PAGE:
9. Mindfulness promotes mental health.
Researchers have found that IBMT (integrative body-mind training) begins positive structural changes in the brain that could help protect against mental disease. The practice of this technique helps boost efficiency in a part of the brain that helps people regulate behavior.
10. Mindfulness provides pain relief.
About 100 million Americans suffer from chronic pain every day, but 40% to 70% of these people are not receiving proper medical treatment. Many studies have shown that mindfulness meditation can reduce pain without having to use endogenous opioid systems that are usually believed to reduce pain during cognitive-based techniques like mindfulness.
The self-produced opioid system has usually been thought of as the central part of the brain for relieving pain without the use of drugs. This system self-produces three opioids, including beta-endorphin, the met- and Leu-enkephalins, and the dynorphins. All of these work together to reduce pain by practicing mindfulness.
11. Mindfulness enhances sex life.
Research has shown that mindfulness can enhance a woman's sex life by quieting any mental chatter that is crossing their minds and preventing them from feeling the present sexual stimuli. This, in turn, can help enhance a man's sex life as well.
12. Mindfulness increases resilience and equanimity.
One study found that Lama Oser’s (The Dalai Lama’s right-hand man) left-to-right prefrontal cortex activity ratio was sky high compared to a sample of 175 other people. This information indicated extremely high levels of equanimity, well-being, and resilience to negativity, all of which could be traced back to his discipline of mindfulness.
13. Mindfulness slows down the progression of neurodegenerative diseases.
Researchers have found that positive brain changes that are associated with mindfulness meditation (such as the reduction of stress and anxiety) may work to slow the progression of age-related cognitive disorders, such as Alzheimer’s disease and dementia.
Patients suffering from Alzheimer’s who participated in the study showed a lower rate of cognitive decline after the eight-week mindfulness-based stress reduction program than a control group who did not participate in the program.
14. Mindfulness enhances creativity.
Creativity requires a person to have some balance between the “freestyle” network and the “control” network of the brain. Balancing freestyle and control with self-expression produces creative results. Practicing mindfulness is a key part of creating this balance.
Researchers have even studied the effects of two different kinds of meditation practices on divergent and convergent thinking and found that mindful meditation significantly improved both of these types of thinking.
15. Mindfulness reduces feelings of loneliness.
Being lonely is more than living in a silent house or having a lack of companionship. With time, loneliness can take a toll on the psyche and have a serious impact on one's physical health as well.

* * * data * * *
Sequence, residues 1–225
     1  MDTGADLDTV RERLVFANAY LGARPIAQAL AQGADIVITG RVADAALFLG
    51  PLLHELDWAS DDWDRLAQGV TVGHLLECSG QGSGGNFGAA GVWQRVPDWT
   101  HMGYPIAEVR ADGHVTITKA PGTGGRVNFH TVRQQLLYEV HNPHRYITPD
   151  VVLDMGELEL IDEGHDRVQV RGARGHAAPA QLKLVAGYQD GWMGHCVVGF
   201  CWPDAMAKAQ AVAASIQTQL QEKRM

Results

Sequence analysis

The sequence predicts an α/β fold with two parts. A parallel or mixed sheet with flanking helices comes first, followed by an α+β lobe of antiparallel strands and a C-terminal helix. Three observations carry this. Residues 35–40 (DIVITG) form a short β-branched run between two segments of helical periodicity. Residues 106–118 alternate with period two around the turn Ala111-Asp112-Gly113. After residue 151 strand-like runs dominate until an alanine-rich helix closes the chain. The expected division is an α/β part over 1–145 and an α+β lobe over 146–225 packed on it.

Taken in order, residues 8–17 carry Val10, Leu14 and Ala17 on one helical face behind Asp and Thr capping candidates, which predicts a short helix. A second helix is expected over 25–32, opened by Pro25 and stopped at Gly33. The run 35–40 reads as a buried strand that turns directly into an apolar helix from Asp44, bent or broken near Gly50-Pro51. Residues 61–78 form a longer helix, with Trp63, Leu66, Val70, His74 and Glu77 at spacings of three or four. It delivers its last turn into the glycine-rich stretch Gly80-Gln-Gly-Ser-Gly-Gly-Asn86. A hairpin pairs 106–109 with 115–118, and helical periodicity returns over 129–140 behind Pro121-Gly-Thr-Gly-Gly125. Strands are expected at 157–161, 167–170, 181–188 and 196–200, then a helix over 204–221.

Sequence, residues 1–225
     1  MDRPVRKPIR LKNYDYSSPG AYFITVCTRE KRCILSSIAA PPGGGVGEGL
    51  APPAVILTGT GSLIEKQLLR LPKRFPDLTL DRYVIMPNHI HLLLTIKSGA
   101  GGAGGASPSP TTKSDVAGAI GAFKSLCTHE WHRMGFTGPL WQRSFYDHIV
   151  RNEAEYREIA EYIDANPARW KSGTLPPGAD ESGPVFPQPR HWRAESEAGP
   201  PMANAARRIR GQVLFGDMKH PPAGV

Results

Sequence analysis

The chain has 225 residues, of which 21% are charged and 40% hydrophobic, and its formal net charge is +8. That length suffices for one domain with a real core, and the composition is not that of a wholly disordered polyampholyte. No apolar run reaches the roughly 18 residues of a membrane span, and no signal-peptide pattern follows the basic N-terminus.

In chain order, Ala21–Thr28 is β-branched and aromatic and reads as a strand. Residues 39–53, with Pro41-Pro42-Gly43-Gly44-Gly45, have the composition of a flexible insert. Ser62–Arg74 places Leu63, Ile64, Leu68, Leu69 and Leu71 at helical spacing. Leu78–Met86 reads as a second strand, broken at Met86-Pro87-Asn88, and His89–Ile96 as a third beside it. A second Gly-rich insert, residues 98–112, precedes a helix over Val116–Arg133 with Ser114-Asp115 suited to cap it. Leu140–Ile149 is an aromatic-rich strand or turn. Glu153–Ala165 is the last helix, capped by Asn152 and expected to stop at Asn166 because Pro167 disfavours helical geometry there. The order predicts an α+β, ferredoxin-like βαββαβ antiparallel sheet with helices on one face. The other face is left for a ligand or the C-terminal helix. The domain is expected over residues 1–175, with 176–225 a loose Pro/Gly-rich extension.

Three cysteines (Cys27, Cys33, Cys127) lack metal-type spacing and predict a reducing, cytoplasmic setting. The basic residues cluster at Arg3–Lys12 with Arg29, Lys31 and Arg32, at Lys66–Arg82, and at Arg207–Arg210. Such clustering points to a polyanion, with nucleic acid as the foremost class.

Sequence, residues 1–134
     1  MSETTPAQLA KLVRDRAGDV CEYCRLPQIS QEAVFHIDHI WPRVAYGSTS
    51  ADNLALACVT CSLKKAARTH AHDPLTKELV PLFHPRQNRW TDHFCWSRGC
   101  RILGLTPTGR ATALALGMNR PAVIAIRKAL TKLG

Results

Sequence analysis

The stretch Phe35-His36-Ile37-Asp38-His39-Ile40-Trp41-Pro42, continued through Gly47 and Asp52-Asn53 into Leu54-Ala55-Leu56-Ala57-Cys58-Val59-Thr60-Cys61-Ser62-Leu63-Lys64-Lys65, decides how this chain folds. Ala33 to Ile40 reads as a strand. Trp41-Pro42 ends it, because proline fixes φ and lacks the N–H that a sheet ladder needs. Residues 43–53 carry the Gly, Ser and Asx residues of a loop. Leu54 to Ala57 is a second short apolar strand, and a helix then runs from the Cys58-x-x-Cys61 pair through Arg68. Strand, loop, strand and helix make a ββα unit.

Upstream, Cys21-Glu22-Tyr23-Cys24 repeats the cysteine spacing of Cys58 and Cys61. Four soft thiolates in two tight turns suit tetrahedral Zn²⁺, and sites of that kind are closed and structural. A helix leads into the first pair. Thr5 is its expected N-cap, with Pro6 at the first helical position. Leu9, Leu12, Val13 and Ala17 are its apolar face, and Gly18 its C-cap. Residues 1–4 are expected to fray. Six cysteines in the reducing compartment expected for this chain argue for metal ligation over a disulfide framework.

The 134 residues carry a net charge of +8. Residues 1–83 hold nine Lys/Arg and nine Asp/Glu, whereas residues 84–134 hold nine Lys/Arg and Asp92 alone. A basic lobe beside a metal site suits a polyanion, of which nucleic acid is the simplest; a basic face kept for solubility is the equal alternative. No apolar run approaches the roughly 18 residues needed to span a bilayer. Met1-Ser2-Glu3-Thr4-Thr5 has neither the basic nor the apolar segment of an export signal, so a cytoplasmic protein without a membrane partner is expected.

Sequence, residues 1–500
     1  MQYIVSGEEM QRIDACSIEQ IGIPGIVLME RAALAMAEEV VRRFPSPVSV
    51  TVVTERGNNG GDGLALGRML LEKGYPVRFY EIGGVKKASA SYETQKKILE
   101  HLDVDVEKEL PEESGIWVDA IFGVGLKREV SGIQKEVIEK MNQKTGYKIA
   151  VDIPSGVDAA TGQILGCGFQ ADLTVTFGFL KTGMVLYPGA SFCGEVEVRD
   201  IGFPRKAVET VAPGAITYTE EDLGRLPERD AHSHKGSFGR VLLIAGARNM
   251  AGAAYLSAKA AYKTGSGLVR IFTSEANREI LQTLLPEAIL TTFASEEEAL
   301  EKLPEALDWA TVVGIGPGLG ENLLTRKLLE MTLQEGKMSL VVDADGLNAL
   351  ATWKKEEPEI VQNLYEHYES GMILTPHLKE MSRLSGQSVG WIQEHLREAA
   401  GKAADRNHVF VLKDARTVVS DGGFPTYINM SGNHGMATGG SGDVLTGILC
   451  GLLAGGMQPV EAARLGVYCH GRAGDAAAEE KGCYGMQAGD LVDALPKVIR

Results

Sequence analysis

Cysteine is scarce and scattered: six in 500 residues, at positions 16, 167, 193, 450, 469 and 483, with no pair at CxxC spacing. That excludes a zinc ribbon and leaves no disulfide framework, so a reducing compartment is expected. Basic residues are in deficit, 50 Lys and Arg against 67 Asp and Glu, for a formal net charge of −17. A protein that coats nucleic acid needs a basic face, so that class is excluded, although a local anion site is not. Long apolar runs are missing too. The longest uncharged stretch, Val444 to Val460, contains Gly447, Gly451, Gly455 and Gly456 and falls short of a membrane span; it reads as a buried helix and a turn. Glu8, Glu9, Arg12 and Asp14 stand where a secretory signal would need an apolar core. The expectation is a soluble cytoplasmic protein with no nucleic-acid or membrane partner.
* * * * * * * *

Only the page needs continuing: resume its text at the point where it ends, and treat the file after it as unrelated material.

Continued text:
Feelings of loneliness have been linked to an increased risk of cardiovascular disease, Alzheimer's disease, anxiety, depression, and even a shortened lifespan. This means that it is important to develop effective treatments for those who are living in isolation.
One study looked at 40 adults and found that meditating for half an hour each day for eight weeks reduced their feelings of loneliness.
16. Mindfulness meditation reduces implicit age and race bias.
Research has suggested that mindfulness can positively change the negative thoughts or associations that people once had. The impact of mindfulness has been studied in regards to several biases through measurements of implicit association tests. These tests found that people who listened to mindfulness meditation had an increased state of mindfulness and a decrease in their implicit biases.
17. Mindfulness increases body satisfaction.
Mindfulness meditation involves self-compassion without judgment and full acceptance of oneself. It encourages a non-striving and non-judgmental view of the world. When people are unsatisfied with their bodies, they are not able to view themselves without judgment, due to their excessive preoccupation with their appearance.
A 2014 study assigned women to either a meditation intervention group or a control group. The women in the intervention group experienced three weeks of self-compassion training through meditation. These women “experienced a significantly greater reduction in body dissatisfaction, body shame, and contingent self-worth based on appearance, as well as greater gains in self-compassion and body appreciation” than the women in the control group. Amazingly, these positive effects were still felt three months later.
18. Mindfulness enhances the ability to deal with and recover from illness.
When you think of mindfulness or meditation, you probably think of a quiet, private time of peace. On the other hand, when you think of hospitals or doctors’ offices, you probably think about the anxiety, pain, and chaos going on around you. So, how can mindfulness have a place in health care?
The eCALM trial is a therapy program for cancer patients. It found that mindfulness can reduce the physical symptoms of stress, decrease one's emotional reactivity to negative experiences, and facilitate post-traumatic growth while enhancing energy and relieving fatigue.
Additionally, a study found that mindfulness meditation has also been found to decrease anxiety and foster post-traumatic mental and emotional growth in breast cancer survivors, as well as increasing energy and spirituality.
19. Mindfulness helps students achieve academic success.
Everyone knows that, in addition to academic success, people want our youth to be happy and physically well. All of these goals are connected, and we now realize the role that social and emotional well-being has in achieving academic success. Learning how to focus one's attention on productive tasks, become more self-aware, stay motivated to keep going when work becomes difficult, and deal with the frustrations of learning and communicating with peers are vital skills that depend on a student's ability to comprehend and manage their emotions.